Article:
Asking and Answering the Big Questions

I recently attended the last day of Professor Clayton Christensen's fall semester class at Harvard Business School.

In his final minutes with eighty of the world's best and brightest 25-35 year-olds, there was so much that Professor Christensen could have used his bully pulpit to say. Interestingly he chose to focus not on building and sustaining a successful enterprise, as he had done all semester, but rather on building and sustaining a happy life.

Paraphrasing Dr. Christensen's remarks, “In just a few months you will graduate from Harvard Business School, and embark on what to many, including yourselves, will be prestigious, lucrative, high profile careers. But if you want to also have happy lives, you need to know the purpose of your life.”

Photo courtesy of Jorge Antonio, istockphoto

He concluded class by encouraging the students to take the time, even if it's between 11 and 12 each night, as he did some thirty years ago, while he himself was in graduate school, to figure out their ‘who they are', and ‘what they are meant to do.'

There was a tear or two.

In Howard Gardner's groundbreaking theory on multiple intelligences, he outlines eight different type of intelligences. The first two, logical-mathematical and linguistic, aptitudes most valued by our society, are no doubt strengths of HBS students.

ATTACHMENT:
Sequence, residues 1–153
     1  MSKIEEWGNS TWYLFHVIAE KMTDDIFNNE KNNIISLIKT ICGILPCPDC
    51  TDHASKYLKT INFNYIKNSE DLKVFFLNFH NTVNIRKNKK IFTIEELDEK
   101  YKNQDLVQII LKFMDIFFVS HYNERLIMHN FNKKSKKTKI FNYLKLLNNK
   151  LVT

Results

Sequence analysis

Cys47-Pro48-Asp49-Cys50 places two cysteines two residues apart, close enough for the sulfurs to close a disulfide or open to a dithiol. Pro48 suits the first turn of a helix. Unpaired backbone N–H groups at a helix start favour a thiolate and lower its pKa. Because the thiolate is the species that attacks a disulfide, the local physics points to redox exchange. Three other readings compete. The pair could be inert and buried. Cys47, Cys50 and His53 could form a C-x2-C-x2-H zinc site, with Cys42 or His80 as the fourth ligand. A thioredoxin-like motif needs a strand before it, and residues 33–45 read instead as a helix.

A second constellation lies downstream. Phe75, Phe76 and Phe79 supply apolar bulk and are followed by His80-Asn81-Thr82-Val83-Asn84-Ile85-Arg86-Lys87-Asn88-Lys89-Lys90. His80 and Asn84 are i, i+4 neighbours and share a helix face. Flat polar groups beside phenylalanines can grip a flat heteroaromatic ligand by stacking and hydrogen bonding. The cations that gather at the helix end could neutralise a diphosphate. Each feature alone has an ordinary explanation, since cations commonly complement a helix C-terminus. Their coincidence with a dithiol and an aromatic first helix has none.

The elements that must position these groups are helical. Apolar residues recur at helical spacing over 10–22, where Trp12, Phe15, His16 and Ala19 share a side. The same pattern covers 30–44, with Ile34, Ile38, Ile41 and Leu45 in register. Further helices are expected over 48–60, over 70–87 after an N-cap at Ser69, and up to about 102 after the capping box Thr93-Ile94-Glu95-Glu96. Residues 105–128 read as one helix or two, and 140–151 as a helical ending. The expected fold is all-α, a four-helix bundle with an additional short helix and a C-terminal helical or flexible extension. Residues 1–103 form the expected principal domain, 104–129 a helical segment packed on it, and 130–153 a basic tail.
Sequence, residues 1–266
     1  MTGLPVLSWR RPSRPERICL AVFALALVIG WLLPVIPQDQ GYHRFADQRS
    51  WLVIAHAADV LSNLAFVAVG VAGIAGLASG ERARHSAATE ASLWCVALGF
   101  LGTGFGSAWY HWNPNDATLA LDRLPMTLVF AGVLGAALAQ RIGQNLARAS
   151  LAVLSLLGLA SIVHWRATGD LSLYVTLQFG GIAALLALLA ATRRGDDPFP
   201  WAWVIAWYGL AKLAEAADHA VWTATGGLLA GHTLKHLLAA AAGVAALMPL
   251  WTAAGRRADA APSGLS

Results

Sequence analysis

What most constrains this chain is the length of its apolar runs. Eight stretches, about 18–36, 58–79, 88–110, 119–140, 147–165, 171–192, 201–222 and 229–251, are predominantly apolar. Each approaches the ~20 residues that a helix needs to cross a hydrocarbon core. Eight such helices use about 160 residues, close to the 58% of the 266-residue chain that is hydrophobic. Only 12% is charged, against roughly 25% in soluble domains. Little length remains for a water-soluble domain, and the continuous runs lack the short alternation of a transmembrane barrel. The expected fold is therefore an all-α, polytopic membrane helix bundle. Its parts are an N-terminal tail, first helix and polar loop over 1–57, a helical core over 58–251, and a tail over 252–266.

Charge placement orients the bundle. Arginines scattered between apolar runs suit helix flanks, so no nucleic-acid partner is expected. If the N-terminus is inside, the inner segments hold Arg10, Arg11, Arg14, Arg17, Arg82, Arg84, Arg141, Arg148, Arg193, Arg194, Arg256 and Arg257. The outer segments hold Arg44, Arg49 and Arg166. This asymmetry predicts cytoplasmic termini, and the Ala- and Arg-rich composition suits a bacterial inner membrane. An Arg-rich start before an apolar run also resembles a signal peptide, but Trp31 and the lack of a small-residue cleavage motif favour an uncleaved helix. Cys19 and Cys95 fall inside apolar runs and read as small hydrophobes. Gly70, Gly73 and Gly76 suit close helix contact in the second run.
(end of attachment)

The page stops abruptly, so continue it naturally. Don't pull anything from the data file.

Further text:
But what of kinesthetic, interpersonal, musical, naturalist, spatial, perhaps most importantly, existential intelligence — to make meaning of our life — the intelligence to which I believe Dr. Christensen was referring?

Many of us do not have graduate degrees, including myself. Even fewer have degrees from an Ivy League school.

Which is why I found Dr. Christensen's words so encouraging.

Because to be existentially intelligent, even credentialed, we don't need a degree, we just need to know how to ask and answer the really big questions, like — what's our story meant to be? How do we become the hero of our story? The hero of support in others' stories?

Which intelligences do you possess?

Have you ever considered yourself existentially intelligent?

What is your story meant to be?

Will you resolve to be the hero of your story?

And the hero of support in others' stories?

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What We Can Learn From TLC’s “I’ve Got Nothing to Wear”
What I Learned About Seeing from My Glasses
Rock Climbing and Rethinking our Competence

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